the two.  Therefore, let me give you a general overview of the trees found
in the calendrical/Oghamic lists of which I know.  I am getting the majority
of my information from Edred Thorsson's _The Book of Ogham_, Ellen Evert
Hopman's _Tree Medicine, Tree Magic_, and Colin Murray's _Celtic Tree
Oracle_.  These, of course, are all modern Pagan publications, rather than
pure scholarly treatises, so I cannot say with certainty that they are
totally correct.  But I find the system workable.  I should point out
that my personal preference for calendar use begins the months at new
moon.  Therefore the Gregorian months given are approximations.  My main
reason for giving these is because they will act as a general framework
for individual tree postings.  I have also included a weak attempt
at the Ogham inscription related to each tree.  Also, Irish spellings
of the names vary, so I've put some of the variations.
 
      Name           Tree         Letter              Time (if apllicable)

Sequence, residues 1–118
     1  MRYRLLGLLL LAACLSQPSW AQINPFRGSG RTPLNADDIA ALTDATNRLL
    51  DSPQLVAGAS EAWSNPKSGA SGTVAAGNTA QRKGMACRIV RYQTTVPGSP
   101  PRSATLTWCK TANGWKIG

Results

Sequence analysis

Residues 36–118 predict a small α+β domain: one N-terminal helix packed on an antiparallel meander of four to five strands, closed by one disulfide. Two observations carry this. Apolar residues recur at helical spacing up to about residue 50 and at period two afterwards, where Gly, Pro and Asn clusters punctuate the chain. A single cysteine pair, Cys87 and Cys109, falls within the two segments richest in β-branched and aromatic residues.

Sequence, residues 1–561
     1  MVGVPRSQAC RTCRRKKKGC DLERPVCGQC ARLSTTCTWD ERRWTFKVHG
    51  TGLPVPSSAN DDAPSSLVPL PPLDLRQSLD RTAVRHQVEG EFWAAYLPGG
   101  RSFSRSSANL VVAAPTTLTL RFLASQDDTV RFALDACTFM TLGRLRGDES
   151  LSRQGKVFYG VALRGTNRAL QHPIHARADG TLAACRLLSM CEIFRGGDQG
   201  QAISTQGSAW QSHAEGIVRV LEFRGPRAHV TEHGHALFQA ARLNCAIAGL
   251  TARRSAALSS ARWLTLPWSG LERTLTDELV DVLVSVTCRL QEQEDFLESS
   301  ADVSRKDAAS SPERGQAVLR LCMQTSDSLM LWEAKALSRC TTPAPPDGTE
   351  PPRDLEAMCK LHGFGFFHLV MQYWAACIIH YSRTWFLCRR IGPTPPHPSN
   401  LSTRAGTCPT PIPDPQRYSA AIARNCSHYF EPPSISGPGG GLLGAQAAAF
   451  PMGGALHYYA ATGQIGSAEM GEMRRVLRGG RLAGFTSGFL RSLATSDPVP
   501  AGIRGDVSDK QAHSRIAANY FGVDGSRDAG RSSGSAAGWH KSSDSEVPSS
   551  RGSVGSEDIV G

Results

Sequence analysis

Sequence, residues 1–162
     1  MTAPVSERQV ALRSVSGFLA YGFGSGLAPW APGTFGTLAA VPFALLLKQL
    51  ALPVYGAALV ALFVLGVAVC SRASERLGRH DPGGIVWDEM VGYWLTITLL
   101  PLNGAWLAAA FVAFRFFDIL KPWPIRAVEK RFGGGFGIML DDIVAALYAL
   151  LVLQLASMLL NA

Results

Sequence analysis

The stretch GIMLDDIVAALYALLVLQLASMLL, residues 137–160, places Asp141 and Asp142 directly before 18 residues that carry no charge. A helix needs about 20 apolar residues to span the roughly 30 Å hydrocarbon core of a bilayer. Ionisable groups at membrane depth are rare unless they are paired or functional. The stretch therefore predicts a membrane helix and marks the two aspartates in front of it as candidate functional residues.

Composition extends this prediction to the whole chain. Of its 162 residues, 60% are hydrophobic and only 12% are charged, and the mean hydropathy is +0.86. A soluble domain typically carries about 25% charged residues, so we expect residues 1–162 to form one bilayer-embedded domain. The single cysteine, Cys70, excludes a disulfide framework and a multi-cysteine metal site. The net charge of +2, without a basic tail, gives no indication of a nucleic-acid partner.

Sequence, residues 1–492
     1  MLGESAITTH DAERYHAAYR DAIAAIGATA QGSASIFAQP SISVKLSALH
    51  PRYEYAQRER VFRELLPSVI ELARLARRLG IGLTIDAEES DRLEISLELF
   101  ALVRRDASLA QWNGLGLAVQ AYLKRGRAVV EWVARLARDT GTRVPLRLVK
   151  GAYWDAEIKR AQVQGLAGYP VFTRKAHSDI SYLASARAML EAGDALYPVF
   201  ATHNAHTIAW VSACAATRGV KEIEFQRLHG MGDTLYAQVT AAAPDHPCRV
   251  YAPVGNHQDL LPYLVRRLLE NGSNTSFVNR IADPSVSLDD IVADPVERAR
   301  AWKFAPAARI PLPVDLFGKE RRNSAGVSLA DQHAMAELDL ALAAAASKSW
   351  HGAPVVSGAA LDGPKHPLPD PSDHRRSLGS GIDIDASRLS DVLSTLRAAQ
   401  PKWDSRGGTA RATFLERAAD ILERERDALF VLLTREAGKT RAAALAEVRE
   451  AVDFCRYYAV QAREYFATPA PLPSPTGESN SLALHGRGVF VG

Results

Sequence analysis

Beithe/Beith   Birch        B  >--,-----        November-December
      Luis           Rowan        L  >--,,----        December-January
      Fearn/Fern     Alder        F  >--,,,---        January-February
      Saille/Sail    Willow       S  >--,,,,--        February-March
      Nuin/Nin       Ash          N  >--,,,,,-        March-April
      Huathe/Huath   Hawthorne    H  >__:_____        April-May
      Duir           Oak          D  >__::____        May-June
      Tinne          Holly        T  >__:::___        June-July
      Coll           Hazel        C  >__::::__        July-August
      Queirt/Quert   Apple     CC/Q  >__:::::_
      Muin           Vine         M  >--/-----        August-September
      Gort           Ivy          G  >--//----        September-October
      Ngetal         Reed        Ng  >--///---        October-November
      Straif         Blackthorne SS  >--////--
      Ruis           Elder        R  >--/////-        Intercalary--Samhain
      Ailm/Ailim     Fir          A  >--|-----
      Ohn/Onn        Furze        O  >--||----
      Ur             Heather      U  >--|||---